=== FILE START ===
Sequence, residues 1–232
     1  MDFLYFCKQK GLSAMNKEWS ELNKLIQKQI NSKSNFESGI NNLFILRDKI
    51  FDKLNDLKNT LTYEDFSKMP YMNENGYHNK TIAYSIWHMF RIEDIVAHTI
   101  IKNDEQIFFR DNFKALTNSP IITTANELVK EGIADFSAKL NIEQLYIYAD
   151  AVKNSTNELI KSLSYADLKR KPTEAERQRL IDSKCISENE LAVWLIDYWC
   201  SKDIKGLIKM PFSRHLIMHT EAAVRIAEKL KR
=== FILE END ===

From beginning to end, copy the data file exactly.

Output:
Sequence, residues 1–232
     1  MDFLYFCKQK GLSAMNKEWS ELNKLIQKQI NSKSNFESGI NNLFILRDKI
    51  FDKLNDLKNT LTYEDFSKMP YMNENGYHNK TIAYSIWHMF RIEDIVAHTI
   101  IKNDEQIFFR DNFKALTNSP IITTANELVK EGIADFSAKL NIEQLYIYAD
   151  AVKNSTNELI KSLSYADLKR KPTEAERQRL IDSKCISENE LAVWLIDYWC
   201  SKDIKGLIKM PFSRHLIMHT EAAVRIAEKL KR